With six cases of paratyphoid fever now confirmed, a rahui will be placed over the Napier area where the illness is thought to have stemmed from.
The Hawke’s Bay District Health Board today said another case of the typhoid-like fever had been confirmed. Five confirmed cases have required hospital care at Hawke’s Bay Hospital and another has needed treatment in Auckland.
All patients are recovering with treatment.
At least three of the cases are known to have eaten mussels gathered from Napier’s Ahuriri area, and the district health board is continuing to investigate other cases.
Now, local hapu leaders are looking to put out a rāhui over the area. A rahui is a form of tapu restricting access to or use of, an area or resource by unauthorised persons.
A Ngati Kahungunu Iwi incorporated spokeswoman said they were concerned by the whanau who had been affected by the fever, and for those who could become affected if they weren’t aware of the illness.
The purpose of the rahui would be to protect our people, she said. They would be confirming more details about the rahui soon.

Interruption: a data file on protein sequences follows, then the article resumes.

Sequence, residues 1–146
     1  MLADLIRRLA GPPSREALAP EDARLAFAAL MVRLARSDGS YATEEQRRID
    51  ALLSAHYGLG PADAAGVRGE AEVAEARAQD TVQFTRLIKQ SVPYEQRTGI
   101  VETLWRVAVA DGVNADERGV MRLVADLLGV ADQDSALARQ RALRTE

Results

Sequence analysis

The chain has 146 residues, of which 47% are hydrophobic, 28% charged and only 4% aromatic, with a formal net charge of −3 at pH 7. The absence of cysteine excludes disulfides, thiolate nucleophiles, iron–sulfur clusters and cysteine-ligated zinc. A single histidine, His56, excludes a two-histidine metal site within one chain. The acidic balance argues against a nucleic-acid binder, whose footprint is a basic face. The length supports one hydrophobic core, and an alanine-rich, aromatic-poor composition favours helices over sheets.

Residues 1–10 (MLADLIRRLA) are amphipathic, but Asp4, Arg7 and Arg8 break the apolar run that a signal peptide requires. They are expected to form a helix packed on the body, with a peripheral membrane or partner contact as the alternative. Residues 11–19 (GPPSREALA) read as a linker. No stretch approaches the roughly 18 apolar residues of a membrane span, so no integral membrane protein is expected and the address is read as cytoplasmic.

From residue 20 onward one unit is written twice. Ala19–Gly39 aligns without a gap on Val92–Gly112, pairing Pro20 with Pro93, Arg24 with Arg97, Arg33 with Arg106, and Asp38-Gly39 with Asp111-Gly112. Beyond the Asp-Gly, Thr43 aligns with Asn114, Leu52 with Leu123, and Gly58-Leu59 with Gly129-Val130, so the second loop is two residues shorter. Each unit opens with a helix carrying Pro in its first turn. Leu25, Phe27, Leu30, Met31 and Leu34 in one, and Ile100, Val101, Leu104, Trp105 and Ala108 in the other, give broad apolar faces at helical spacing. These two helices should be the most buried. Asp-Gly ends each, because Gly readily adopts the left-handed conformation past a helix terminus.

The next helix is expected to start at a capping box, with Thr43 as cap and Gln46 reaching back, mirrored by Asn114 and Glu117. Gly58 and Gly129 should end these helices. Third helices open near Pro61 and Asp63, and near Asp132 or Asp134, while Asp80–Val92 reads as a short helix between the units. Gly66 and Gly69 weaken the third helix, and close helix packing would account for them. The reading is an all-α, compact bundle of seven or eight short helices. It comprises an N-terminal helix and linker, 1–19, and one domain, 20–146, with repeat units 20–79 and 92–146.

There was also concern mussels from the same area may have been eaten at a Tangi at the Tangoio Marae 11 days ago.
This was the tangi for former Hastings resident Vincent Taurima, who was one of two men found in Tongariro National Park after an extensive four-week search by police.
Medical Officer of Health Nick Jones said Paratyphoid Fever was a serious illness and a notifiable disease.
“It’s very important people heed the warnings and don’t eat shellfish gathered from the Napier Marina area.”
People with the disease will have a fever, chills, headache, possibly a rash and may also get severe vomiting and diarrhoea.
Paratyphoid generally occurs within 10 days of consuming contaminated food or water but symptoms may take as long as four weeks to develop.
Dr Jones said the district health board had teams out in the community working to follow-up with anyone that was sick, but the most important thing was to get medical help if you, or someone you knew, was sick.
“People with paratyphoid can carry the bacteria in their blood and in their stomach and gut so it is possible for it to be passed on through faeces,” Dr Jones said.
“Hand washing was extremely important to help prevent infecting other people as you can get paratyphoid if you eat or drink things that have been handled by a person who has the bacteria”.
Anyone feeling sick and who has eaten shellfish from the Napier Marina area should contact their family doctor or they could call HealthLine 24/7 0800 611 116.
– More information on how to protect yourself and others is available from here www.ourhealthhb.nz
Source: Hawke’s Bay Today